Date: March 1, 2003
Creator: Hackel, L. & Chen, H. L.
Partner: UNT Libraries Government Documents Department
open access

Rohm and Haas: Company Uses Knoxville Plant Assessment Results to Develop Best Practices Guidelines and Benchmark for Its Other Sites (Revised)

Description: Rohm and Haas conducted a plant-wide energy assessment at its Knoxville, Tennessee, chemicals manufacturing facility. The assessment identified potential annual energy savings of nearly 47,000 MMBtu in steam and fuel and 11,000 MWh in electricity. Annual cost savings were estimated at almost$1.5 million. After the assessment was replicated in California and Kentucky plants, the companys additional estimated cost savings were$500,000 annually. Additional annual energy savings were about 23,000 MMBtu and 6,000 MWh. The assessments also indicated the plants would reduce nitrous oxide emissions.
Date: July 1, 2003
Partner: UNT Libraries Government Documents Department
open access

Photovoltaic Module Thermal/Wind Performance: Long-Term Monitoring and Model Development for Energy Rating

Description: In order to predict the energy production of photovoltaic (PV) modules, it is necessary to predict the module temperature as a function of ambient temperature, wind speed, wind direction, total irradiance, and relative humidity. This paper presents a mathematical model to predict the module temperature based on the field monitored real data of module temperature, ambient temperature, wind speed, wind direction and relative humidity.
Date: June 1, 2003
Creator: TamizhMani, G.; Ji, L.; Tang, Y.; Petacci, L. & Osterwald, C.
Partner: UNT Libraries Government Documents Department
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Advanced Simulation and Computing: A Summary Report to the Director's Review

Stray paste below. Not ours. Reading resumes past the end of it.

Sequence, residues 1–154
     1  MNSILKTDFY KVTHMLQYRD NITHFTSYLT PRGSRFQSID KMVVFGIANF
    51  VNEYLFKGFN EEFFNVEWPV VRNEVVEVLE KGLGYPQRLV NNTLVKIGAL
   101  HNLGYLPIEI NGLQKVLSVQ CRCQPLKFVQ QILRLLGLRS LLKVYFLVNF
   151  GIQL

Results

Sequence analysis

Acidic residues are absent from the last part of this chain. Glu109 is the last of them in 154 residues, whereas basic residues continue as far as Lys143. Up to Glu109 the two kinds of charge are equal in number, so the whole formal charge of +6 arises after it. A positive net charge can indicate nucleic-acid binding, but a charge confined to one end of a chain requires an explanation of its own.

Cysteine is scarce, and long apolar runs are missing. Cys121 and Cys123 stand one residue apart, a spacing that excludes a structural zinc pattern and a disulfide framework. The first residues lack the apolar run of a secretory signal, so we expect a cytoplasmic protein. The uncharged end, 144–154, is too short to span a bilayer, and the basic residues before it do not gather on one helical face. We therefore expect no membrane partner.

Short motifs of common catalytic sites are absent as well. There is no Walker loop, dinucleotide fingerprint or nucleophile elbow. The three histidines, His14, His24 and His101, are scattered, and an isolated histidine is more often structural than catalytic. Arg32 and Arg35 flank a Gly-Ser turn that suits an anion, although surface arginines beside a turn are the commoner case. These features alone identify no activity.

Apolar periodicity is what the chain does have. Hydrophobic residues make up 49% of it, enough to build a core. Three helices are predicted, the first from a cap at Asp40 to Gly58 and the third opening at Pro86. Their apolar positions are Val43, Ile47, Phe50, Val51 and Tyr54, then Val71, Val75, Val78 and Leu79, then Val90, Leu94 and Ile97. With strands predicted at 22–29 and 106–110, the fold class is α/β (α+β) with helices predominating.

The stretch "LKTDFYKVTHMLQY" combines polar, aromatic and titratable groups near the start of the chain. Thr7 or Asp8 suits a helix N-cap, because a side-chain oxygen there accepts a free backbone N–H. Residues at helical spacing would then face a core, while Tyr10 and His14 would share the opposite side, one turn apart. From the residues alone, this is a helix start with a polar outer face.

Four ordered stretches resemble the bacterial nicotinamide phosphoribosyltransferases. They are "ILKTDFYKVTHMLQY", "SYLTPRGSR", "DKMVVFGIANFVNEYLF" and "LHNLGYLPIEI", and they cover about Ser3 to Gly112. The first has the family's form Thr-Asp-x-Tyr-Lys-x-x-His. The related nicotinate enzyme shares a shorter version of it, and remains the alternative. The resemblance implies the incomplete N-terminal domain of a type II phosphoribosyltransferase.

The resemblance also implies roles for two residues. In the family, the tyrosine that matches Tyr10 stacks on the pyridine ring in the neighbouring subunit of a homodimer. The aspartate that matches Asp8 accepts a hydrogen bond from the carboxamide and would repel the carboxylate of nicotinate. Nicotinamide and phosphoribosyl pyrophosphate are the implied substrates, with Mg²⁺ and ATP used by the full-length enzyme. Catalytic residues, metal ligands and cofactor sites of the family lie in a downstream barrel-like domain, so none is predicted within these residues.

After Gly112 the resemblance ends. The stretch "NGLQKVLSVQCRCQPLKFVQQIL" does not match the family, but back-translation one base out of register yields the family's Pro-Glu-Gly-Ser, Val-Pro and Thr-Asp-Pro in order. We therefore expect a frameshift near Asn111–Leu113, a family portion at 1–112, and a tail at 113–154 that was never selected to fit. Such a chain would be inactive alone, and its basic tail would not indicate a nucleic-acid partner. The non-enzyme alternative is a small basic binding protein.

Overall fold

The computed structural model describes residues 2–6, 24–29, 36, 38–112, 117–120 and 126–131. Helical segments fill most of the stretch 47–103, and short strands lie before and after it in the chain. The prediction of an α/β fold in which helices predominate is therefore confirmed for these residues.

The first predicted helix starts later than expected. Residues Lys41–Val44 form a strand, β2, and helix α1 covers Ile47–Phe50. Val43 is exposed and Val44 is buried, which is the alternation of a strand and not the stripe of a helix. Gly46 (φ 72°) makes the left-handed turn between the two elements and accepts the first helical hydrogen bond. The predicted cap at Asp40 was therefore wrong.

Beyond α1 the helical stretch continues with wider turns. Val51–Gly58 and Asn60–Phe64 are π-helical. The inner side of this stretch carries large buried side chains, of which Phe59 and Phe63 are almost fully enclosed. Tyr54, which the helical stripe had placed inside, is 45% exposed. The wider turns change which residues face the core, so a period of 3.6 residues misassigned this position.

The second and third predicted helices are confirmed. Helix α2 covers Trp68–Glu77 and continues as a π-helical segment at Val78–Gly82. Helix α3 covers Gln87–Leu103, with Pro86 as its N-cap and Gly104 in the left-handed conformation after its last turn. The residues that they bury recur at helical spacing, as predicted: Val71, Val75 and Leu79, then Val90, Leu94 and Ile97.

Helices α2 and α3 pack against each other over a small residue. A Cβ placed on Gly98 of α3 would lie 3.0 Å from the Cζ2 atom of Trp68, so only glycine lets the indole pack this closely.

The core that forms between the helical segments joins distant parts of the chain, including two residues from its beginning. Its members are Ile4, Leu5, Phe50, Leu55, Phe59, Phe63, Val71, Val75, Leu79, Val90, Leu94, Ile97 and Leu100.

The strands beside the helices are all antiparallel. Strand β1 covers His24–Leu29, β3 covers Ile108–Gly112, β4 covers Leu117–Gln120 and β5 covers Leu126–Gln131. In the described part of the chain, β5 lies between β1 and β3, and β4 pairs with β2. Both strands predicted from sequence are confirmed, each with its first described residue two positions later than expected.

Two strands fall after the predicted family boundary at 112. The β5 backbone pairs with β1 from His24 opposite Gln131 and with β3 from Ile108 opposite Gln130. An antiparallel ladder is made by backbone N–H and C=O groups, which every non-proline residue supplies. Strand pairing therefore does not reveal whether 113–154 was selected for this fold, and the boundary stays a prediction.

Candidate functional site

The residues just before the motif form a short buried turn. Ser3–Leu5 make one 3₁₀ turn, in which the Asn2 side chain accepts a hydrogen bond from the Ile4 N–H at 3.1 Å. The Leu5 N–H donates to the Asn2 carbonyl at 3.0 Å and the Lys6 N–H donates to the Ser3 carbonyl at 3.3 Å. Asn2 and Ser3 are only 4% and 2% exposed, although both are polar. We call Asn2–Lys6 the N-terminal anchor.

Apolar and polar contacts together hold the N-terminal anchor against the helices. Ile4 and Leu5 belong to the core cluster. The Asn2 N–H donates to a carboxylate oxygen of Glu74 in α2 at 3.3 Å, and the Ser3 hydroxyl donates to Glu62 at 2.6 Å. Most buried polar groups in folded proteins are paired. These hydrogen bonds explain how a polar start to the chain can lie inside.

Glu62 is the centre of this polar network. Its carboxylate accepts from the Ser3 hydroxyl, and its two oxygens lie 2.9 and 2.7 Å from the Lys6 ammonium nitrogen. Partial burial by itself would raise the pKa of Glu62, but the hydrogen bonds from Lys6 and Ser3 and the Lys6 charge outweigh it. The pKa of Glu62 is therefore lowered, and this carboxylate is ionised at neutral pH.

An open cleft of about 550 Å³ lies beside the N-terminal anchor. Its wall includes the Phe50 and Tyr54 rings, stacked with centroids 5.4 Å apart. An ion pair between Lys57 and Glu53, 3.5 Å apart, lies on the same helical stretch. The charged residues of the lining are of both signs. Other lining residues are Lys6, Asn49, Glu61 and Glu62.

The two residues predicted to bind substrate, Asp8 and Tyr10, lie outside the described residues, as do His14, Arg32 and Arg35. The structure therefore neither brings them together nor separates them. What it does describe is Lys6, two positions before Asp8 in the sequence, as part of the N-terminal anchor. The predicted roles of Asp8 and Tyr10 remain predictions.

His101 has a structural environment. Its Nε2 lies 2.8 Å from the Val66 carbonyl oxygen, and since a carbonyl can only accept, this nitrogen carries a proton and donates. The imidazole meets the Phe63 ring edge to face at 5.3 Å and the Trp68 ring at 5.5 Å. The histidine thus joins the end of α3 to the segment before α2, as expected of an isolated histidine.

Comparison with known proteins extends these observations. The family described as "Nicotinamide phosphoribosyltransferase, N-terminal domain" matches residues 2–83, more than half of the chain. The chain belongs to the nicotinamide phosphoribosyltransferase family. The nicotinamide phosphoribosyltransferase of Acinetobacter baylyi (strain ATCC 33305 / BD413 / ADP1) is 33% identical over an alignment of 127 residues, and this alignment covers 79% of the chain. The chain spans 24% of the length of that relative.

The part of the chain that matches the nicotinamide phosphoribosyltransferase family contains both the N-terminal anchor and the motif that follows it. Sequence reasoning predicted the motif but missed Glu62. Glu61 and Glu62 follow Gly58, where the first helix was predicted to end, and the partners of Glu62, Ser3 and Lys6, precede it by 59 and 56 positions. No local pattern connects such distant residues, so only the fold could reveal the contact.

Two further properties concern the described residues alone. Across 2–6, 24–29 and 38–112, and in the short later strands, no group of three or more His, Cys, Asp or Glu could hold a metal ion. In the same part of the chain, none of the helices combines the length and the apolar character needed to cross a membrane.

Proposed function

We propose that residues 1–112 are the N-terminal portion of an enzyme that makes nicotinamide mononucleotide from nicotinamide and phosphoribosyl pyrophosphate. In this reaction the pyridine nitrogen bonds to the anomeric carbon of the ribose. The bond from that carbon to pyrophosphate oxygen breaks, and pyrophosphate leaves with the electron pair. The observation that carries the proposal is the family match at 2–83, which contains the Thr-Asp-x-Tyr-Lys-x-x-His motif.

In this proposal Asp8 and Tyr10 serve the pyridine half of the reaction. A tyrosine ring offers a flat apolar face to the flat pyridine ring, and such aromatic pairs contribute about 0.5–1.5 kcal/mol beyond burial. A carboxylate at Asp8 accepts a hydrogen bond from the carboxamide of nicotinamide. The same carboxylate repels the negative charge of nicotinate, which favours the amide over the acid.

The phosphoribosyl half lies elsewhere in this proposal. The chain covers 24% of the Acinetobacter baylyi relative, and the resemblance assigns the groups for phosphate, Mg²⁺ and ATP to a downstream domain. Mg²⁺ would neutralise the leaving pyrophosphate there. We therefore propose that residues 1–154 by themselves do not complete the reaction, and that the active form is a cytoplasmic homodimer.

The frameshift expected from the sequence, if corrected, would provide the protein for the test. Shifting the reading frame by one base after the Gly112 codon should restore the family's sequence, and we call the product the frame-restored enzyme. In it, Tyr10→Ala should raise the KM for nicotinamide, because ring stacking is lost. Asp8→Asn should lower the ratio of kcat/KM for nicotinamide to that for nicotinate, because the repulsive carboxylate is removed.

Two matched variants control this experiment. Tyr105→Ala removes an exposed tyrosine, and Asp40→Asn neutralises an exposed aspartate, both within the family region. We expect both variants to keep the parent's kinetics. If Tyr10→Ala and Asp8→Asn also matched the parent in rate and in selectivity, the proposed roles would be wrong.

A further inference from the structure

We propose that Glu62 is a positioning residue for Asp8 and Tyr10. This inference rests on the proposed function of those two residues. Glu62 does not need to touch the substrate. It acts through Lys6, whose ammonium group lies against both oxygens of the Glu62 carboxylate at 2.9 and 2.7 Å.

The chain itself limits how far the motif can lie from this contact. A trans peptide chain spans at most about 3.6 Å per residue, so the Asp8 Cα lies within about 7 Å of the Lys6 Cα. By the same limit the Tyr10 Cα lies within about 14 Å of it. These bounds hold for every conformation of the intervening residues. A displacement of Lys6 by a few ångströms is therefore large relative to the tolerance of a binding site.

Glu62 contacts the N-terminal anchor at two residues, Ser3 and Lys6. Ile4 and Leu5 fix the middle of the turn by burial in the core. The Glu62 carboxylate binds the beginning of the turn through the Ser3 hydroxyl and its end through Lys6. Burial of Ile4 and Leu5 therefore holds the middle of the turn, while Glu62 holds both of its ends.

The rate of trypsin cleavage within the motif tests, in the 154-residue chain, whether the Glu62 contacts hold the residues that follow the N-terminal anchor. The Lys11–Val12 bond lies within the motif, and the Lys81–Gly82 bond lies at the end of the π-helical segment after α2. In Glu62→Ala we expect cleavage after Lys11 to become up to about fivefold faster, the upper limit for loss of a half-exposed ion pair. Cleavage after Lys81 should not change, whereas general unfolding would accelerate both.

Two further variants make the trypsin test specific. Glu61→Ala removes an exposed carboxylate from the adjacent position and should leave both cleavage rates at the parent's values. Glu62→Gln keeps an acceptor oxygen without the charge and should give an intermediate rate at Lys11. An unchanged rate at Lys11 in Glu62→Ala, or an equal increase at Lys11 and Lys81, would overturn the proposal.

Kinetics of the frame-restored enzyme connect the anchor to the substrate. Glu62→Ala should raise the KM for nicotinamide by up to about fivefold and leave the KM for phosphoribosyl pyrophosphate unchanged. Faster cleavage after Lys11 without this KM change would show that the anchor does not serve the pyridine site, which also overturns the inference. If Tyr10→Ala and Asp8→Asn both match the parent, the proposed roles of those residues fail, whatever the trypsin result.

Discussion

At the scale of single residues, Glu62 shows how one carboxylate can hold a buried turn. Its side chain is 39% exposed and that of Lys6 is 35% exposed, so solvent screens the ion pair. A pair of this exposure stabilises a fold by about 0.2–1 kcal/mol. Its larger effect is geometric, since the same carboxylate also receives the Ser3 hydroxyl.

Description: It has now been three years since the Advanced Simulation and Computing Program (ASCI), as managed by Defense and Nuclear Technologies (DNT) Directorate, has been reviewed by this Director's Review Committee (DRC). Since that time, there has been considerable progress for all components of the ASCI Program, and these developments will be highlighted in this document and in the presentations planned for June 9 and 10, 2003. There have also been some name changes. Today, the Program is called ''Advanced Simulation and Computing,'' Although it retains the familiar acronym ASCI, the initiative nature of the effort has given way to sustained services as an integral part of the Stockpile Stewardship Program (SSP). All computing efforts at LLNL and the other two Defense Program (DP) laboratories are funded and managed under ASCI. This includes the so-called legacy codes, which remain essential tools in stockpile stewardship. The contract between the Department of Energy (DOE) and the University of California (UC) specifies an independent appraisal of Directorate technical work and programmatic management. Such represents the work of this DNT Review Committee. Beginning this year, the Laboratory is implementing a new review system. This process was negotiated between UC, the National Nuclear Security Administration (NNSA), and the Laboratory Directors. Central to this approach are eight performance objectives that focus on key programmatic and administrative goals. Associated with each of these objectives are a number of performance measures to more clearly characterize the attainment of the objectives. Each performance measure has a lead directorate and one or more contributing directorates. Each measure has an evaluation plan and has identified expected documentation to be included in the ''Assessment File''.
Date: June 1, 2003
Creator: McCoy, M G & Peck, T
Partner: UNT Libraries Government Documents Department